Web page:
What To Do In The Event Of A Data Disaster

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Data disasters are one of the nightmares any business can find itself in. It’s likely the case if your business handles a lot of data, including clients’. 

What’s data disaster? Data disaster encompasses data theft or losses due to unexpected events like cybercrime. 

Suppose your business is facing a data disaster. How will you address it? Here’s what to do:

Confirm The Disaster

False alarms are possible when a worker thinks there’s been a data breach. These tend to be rampant, thus, the need to confirm the existence of the disaster before taking any measures.

It’s best to work with your IT (Information Technology) team to verify the disaster. It prevents situations where you act and end up implementing your data loss prevention strategy for no reason. Implementing such strategies requires a lot of resources, including finances, hence the need to confirm beforehand. 

One way of reducing, if not eliminating, false alarms on data disasters is ensuring your data loss prevention strategy includes a communication channel. With the channel, all the experts will have been informed and confirmed the event. 

Review Your Incident Response Plan

The incident response plan contains details on handling data disasters. It guides your team on what to do and when. 

This plan is often detailed and contains policies and procedures to ensure successful recovery from the disaster. With this importance, reviewing it before executing any step is necessary.   

It ensures all your workers are on the same page regarding what to do next. There’ll be no conflict where everyone gives suggestions on what to do. Conflict delays the time you’d use to rescue your business from further data loss. 

If your business doesn’t have this plan, be sure to create one as soon as possible to bring order. Once you’ve mitigated the disaster, it’s best to formulate an incident response plan and keep it with you for future use. And inform your workers of its existence.

Report To The Relevant Authority

Data disaster is a criminal activity like any other. Therefore, it’s important to involve the authorities. In this case, you can work with the police department in your location. 

Alternatively, you can outsource a network security service provider. They have the skills and tools to identify the source of the breach, especially if the breach was digital. Yet it’s important to ensure they’re good at the job. You don’t want to spend too much money on them and get poor services, considering you have an incident response plan to actualize. 

Most businesses are under several laws surrounding data handling. For example, if you have clients that reside in countries in the European Union (EU), you should comply with GDPR (General Data Protection Regulation.) Such laws emphasize the importance of informing them of any breach of your systems.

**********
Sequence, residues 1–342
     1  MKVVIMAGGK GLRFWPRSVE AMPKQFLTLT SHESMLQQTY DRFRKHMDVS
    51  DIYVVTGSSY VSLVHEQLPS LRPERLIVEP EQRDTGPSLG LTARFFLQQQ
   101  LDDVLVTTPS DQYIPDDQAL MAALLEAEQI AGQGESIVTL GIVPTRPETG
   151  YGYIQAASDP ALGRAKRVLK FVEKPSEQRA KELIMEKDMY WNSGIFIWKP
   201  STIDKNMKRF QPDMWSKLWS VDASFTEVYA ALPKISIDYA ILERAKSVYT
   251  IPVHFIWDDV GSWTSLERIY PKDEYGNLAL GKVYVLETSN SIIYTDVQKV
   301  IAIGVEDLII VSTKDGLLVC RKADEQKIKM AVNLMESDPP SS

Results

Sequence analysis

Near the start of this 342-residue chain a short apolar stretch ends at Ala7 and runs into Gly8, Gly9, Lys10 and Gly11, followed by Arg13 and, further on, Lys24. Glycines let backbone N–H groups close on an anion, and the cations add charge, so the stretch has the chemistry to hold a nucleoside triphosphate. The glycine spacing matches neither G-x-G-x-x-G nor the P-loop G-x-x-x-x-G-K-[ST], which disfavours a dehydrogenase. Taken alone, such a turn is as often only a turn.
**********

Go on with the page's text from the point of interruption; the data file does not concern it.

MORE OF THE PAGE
Inform All Stakeholders

As a business, you work with several parties to bring your products and services to your customers. These parties go from customers to vendors, and suppliers, among others. Since they’re part of your business, informing them of the disaster is important. 

Informing them is crucial since there’s a possibility of their data being out to the public too. It’s important that you’re honest with them from the beginning about the happenings. 

Once you inform the stakeholders, some will want to cushion themselves against further loss. It’s a move you should anticipate and respect. However, be sure to inform them that you’re doing everything possible to prevent further loss and protect their data. It’ll likely keep them calm, and they won’t pull out of your agreements. It isn’t good for business. 

Inform Your Legal Team

During the period after the data disaster, expect several lawsuits from various sources. 

One source of lawsuits could be the data protection body in your state, especially if you’re bound by law, as is the case with GDPR compliance. In this case, you need to prove beyond reasonable doubt that you put company data security measures in place to prevent a breach. Your legal team will help come up with the documentation to prove this.

The other lawsuits could come from your clients and business partners. 

A legal team will represent your business in the courts of law and protect you from penalties and fines that eat into your business finances. As you do this, ensure your legal team is qualified and has experience in data breach-related cases.

Conclusion

This post has established the negative consequences of data disasters. As a business, investing in tools and other resources is important to protect your data from breach or loss.

Nevertheless, even with security measures in place, a breach can still happen. In the event of this happening, put your worries aside. The discussion above has guided on what to do after a data disaster. Highly consider implementing it; it’ll make the handling process faster and more manageable.

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